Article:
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What are your unpopular opinions about health / fitness?

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Replies

  • jamesakrobinson
    jamesakrobinson Posts: 2,151 Member
    edited August 2017
    lemurcat12 wrote: »
    jdlobb wrote: »
    I attribute failure more to people just being weak willed. I think it's silly to believe somebody who can't follow diet that tells them exactly what to eat and when would somehow how more success just being told "eat fewer calories." Maybe a minority of them can, but there's always a minority that can achieve something the majority can't.

    Most people who need to lose weight, like me, got into that situation because our natural food decisions are incredibly poor.

    Structure is important. But maybe I just believe that because I was in the military, like everybody else in my family for the last 300 years.

    I think structure is important, but I think success is related to learning to create structure and to make good food decisions, not being dependent on some set diet.

    I actually think a diet like low carb/LCHF/keto or paleo CAN be a tool for creating structure and learning what works for you, even though I personally think the distinctive things about paleo (no legumes, dairy, or grains) are not based on good science. IMO, low carb (including keto) can be a way of eating that for some people is easier to stick to, makes them feel more satisfied (and I don't think it means you can never have a cookie).

    What I don't think is a tool for learning is following a set diet that tells you what to eat. For me, a meal plan that detailed or that doesn't involve figuring out what works best for you and understanding nutrition more over time is basically infantilizing, and that's what I find kind of icky about it. Plus, no one will want to eat a set eating plan forever.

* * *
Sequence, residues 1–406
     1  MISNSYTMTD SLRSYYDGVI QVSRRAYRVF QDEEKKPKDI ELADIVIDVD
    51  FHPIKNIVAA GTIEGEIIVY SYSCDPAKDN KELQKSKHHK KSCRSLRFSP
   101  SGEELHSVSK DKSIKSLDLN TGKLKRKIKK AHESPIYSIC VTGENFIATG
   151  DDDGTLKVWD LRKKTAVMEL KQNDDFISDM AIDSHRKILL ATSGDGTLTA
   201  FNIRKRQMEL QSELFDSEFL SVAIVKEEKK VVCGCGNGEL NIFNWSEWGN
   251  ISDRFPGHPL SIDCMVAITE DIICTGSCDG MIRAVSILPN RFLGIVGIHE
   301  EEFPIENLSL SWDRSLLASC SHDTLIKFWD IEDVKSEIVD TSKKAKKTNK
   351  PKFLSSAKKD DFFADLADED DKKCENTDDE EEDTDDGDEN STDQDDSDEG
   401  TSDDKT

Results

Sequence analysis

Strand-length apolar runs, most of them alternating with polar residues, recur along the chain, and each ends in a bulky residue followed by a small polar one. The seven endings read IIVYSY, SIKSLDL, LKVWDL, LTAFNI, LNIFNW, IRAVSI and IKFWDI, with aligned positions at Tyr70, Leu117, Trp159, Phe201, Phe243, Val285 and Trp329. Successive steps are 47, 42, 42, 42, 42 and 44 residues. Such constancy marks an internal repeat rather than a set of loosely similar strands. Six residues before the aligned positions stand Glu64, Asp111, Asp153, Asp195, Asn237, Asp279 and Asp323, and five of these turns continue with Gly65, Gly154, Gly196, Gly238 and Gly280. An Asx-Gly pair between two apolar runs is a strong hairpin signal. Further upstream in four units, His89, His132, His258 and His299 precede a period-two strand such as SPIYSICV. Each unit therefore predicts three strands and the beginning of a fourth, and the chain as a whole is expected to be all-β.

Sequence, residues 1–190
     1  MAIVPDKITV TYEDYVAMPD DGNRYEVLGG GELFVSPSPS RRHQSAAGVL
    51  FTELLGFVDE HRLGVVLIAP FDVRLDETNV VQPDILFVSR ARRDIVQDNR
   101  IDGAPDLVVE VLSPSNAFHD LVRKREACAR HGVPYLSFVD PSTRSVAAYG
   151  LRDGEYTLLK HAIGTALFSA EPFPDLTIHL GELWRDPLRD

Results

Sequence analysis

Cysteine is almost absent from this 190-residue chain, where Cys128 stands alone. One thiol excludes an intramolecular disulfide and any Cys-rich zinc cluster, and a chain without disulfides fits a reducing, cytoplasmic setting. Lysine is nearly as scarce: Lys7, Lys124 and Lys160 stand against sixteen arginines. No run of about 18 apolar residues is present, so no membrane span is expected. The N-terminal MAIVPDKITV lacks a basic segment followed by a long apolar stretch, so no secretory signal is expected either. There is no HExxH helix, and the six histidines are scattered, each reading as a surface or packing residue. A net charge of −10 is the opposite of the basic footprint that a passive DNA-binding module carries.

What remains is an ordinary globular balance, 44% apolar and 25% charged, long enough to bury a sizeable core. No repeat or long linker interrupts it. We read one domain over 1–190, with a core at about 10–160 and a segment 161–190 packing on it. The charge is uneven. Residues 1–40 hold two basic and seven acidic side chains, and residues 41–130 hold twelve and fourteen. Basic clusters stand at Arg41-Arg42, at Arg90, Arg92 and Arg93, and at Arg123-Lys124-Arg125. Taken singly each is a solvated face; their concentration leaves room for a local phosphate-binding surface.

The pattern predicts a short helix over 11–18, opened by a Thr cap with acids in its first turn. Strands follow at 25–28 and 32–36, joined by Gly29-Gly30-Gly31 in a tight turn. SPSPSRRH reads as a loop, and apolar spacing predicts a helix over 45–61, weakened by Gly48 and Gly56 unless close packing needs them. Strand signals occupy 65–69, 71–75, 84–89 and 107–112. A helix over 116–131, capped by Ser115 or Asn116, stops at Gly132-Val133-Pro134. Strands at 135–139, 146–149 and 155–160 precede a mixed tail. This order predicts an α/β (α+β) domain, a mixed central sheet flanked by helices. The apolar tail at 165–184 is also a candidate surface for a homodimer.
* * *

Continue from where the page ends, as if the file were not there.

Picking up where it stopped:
In my mind, structure is more like: I do better eating 3 meals (or however many) and not snacking (or having 2 set snacks), and I structure my meals around protein, vegetables, and a starch, with fat used in cooking, most of the time. (Or whatever, although I personally think that focusing on adequate protein and lots of vegetables are, on average, helpful for people.)

    On the other hand, I got fat eating nutritious meals for the most part, so what was ALSO important for me was understanding where my extra calories come from. I think when people look at that and fix it, it can become easy.

    I do think a lack of structure is a problem for a lot of people starting out, though. Those posts "over my goal by lunch, what should I do about dinner" used to puzzle me until I realized people were not planning or imposing any structure.

    Well said.
    Use all the tools in your toolbox that are appropriate to the situation.